>Date: Sat, 4 Apr 2009 10:15:12 -0400
>From: "Mike Hyder -N4NT-" <Mike_N4NT@embarqmail.com>
>Subject: [TenTec] 262G power supply - no rest for the weary
>To: "Ten-Tec Reflector" <email@example.com>
>Some time ago I bought my first Ten-Tec rig, a Triton 544 with a 262G >power
>supply. That supply has a speaker and a built-in VOX circuit.
>After spending hours trying to make the VOX circuit work correctly ( I
>don't work phone but do want things to work ), I gave up and called >Garland
>Jenkins, then a super-technician at Ten-Tec for advice.
>To paraphrase Garland: "That VOX circuit will not work in an RF
>Who'd a thunk it?
The 262G power supply with VOX is a well known design goof from Ten-Tec. They
have admitted it for years.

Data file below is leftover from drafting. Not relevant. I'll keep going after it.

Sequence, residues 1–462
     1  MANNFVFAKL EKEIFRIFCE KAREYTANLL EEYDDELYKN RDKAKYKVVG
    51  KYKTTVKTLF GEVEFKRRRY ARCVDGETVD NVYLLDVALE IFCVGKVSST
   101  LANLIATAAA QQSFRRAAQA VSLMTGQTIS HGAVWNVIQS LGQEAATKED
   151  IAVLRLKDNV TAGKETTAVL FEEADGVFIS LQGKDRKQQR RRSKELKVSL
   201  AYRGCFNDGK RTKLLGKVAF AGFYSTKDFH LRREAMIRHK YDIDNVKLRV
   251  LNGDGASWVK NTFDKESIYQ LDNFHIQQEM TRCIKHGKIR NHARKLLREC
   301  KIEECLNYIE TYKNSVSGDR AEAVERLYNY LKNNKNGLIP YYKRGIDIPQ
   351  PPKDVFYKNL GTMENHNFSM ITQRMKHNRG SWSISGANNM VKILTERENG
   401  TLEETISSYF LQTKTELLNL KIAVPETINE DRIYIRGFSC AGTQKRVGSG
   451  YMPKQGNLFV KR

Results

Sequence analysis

It's almost impossible to get the VOX to work correctly with the unshielded zip
code interconnect cables that they used, the plastic cabinet sides, etc, etc.
Can it be made to work? Theoretically yes if you change out all the cabling,
line the cabinet with foil shielding or some other method, install bypass caps,
ferrite cores, etc.
It's not a matter of RF in the shack in the sense of stray RF. I had a 262G and
if one was within about 100 ft of a radiating antenna, there was too much RF
present for the VOX to work properly. Now if your station was housed in a
The late Lew McCoy/W1ICP of the ARRL was rather critical of the Triton series
of transceivers and their power supplies mainly due to the plastic sided
cabinets that Ten-Tec used. The rigs perform well but the lack of shielding for
some functions was annoying and not the best design practice.
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